Ms. Martines, now 78, was one of 14 children born to farm workers in the Santa Clara Valley in 1932, the height of the Great Depression. Saddled with illiteracy and a youth living in tent camps, she picked fruit for 23 years.
She also went on to a career that engaged her in project management, architecture, land development and the local equestrian community. On Jan. 11, the Mounted Patrol of San Mateo County named her the 26th "Outstanding Horseperson of the Year."
Ms. Martines is the fourth woman to be so honored by this men-only Woodside-based equestrian club. The award recognizes personal qualities such as an active role in the community, leadership in a profession or charity, and/or "outstanding" contributions to equestrian trails, facilities and horse-riding in San Mateo County.
The patrol "is deeply honored to present this year's award to Gladys Martines for her tireless, lasting contributions to our community for over 50 years, totally dedicated to improving and preserving our county's horse culture, trails and stabling," said spokesman and former award-winner Bill Wraith in a statement.
Ms. Martines spoke with The Almanac from her ranch in Penn Valley in Nevada County, just west of Grass Valley.
A working childhood
To say that Ms. Martines has seen changes come to Silicon Valley is to understate the matter. How many people can drive by the San Antonio Shopping Center in Mountain View and truthfully say that they once lived in a tent pitched on land now occupied by the Sears department store?
That was in the 1930s, when her family survived by picking greens and fruits, whatever was in season, Ms. Martines said. The family would seek work from April to November in what were then agricultural fields throughout the Santa Clara Valley. Another frequent camp site was near the Uvas Reservoir in Morgan Hill, she said.
She became "a daredevil," she said. "I've never had anything to lose. What worse could you do than living in a tent by the water?"
While she eventually bought property in Woodside after having been married at 17 and having born two children, those first 28 years had some rough spots.
Schooling, for example, did not happen for her. "That was the hardest part" of her childhood, she said. The long harvest season would not allow it. And she didn't want it. An accident with fireworks at age 4 had left her burned over 75 percent of her body, including her face. "I looked like an old lady," she said.
The movie and short story "The Curious Case of Benjamin Button," about a man who is born old and grows younger, reminded her of herself, she said, and added: "Now my scars match my age."
Her mother would try to change her mind, but working was for her a refuge. "I became very, very good in the field," she said.
"I couldn't read, I couldn't write, I couldn't understand much of anything," she said. At 11, her older sister got her enrolled in a San Francisco school, but her first report card came back with all Fs. "That was the end of my school career," she said.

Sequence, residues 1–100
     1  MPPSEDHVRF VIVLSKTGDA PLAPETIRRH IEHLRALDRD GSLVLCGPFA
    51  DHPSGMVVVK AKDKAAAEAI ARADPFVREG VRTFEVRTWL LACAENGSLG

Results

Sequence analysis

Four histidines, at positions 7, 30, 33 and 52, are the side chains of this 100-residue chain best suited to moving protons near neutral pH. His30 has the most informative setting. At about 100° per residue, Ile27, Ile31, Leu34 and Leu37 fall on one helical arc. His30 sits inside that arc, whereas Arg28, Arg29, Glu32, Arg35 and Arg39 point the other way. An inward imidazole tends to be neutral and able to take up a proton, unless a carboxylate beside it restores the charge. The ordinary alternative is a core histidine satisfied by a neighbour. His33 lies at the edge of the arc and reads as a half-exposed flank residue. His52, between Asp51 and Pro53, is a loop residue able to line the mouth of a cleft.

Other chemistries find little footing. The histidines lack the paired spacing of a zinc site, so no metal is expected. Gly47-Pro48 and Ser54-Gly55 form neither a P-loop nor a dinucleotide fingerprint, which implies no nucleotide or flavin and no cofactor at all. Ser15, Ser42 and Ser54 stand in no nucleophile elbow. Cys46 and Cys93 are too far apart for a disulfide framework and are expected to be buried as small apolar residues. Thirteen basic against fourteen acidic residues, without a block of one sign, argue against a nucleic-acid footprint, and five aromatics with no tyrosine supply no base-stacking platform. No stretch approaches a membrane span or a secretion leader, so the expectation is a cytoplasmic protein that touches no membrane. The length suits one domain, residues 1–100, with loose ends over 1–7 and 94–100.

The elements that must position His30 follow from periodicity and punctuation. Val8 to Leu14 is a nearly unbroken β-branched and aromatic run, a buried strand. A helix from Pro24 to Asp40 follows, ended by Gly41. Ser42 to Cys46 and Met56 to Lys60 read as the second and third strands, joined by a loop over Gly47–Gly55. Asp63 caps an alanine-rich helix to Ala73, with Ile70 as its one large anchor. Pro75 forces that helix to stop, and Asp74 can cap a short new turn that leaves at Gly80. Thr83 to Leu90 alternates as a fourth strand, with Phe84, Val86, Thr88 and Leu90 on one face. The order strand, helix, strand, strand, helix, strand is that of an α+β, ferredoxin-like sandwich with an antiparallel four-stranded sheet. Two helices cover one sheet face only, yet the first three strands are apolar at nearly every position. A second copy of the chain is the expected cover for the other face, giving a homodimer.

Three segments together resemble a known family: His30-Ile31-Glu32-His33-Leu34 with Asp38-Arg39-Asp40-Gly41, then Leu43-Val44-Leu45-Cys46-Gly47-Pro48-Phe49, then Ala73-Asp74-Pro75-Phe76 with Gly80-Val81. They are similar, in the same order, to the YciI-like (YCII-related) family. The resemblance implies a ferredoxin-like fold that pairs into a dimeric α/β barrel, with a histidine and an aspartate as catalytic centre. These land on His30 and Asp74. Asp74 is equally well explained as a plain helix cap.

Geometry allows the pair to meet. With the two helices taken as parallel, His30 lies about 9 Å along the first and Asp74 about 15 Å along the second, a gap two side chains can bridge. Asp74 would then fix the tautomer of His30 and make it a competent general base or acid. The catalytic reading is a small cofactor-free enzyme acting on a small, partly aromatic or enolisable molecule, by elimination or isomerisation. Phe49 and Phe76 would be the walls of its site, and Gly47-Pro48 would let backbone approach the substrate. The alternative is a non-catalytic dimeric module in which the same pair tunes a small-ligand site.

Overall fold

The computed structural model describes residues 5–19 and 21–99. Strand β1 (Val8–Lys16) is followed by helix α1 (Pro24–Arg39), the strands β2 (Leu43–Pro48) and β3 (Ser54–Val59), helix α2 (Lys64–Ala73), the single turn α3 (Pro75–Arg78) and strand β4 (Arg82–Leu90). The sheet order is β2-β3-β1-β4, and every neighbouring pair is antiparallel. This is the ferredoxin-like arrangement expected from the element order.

She settled in 1961 in Woodside, where she built a house and a barn on Turkey Farm Road. To make ends meet, she took what work came her way, including fence building and painting, house cleaning, ditch digging, and selling wine for wealthy landowners, she said.
Her rise began with a job with a vacuum tube manufacturer, for which she begged, she said. At the time, she could not fill out a job application, she told Bill Wraith, who wrote an account for The Almanac. She didn't know the difference between one half of something and one third of it.
But she learned. In four months, she was training new employees, Mr. Wraith said. After 10 years, she quit to try her hand at owning a working stable. Then she helped others in Woodside with their horse shelters, including 15 barns and more than 100 stalls. In the process, she helped develop Woodside's extensive system of horse trails, Mr. Wraith said.
Ms. Martines was chosen to oversee the subdivision of Woodside's Why Worry Farm in 1986, Mr. Wraith said. With her 2008 "Horseperson of the Year" counterpart Rick Debenedetti, she helped preserve more trails in subdividing the Lawler estate.
She worked as a personal concierge for some Silicon Valley entrepreneurs, including John Sculley, chief executive of Apple Computer; the Weigand family, founders of Tandem Computer; and chief executive Craig Conway of PeopleSoft Corp.
Asked to explain the eclectic trajectory of her career, she could not. "It was God taking care of me," she said. "I don't know how I ever got started. ... I just learned it. I asked a lot of questions. I learned and I learned."
Ms. Martines was instrumental in the construction of many barns and was a longtime equestrian.
Asked for a comment on horses, she replied: "They're the smartest and dumbest animals that ever lived. They're smart to get you off them and dumb to let you on in the first place."
She regularly reaches out to children of substance abusers by throwing them Christmas parties that include Santa Claus, toys, live music and hayrides, Mr. Wraith said. She offers her help to equestrian organizations throughout the Bay Area, including the Woodside Horse Owner's Association (WHOA), the Woodside Day of the Horse, and the Woodside junior rodeo.
The Charter Oaks Stables in Woodside has grown under her management with education and charitable events at no cost and with her sponsorship of food, beverages, and judges, Mr. Wraith said.
She found the stables afflicted by "poor management, filth, and cruelty to animals," he said. "Within two months of applying her high standards for cleanliness and safety, she turned it around to again be one the most glamorous, modern state of the art barns."
Said San Mateo County equestrian Holly Winnen in nominating Ms. Martines for the award: "It would be hard to find anyone who has had more impact on the horse culture of our county's community over the past 50 years!"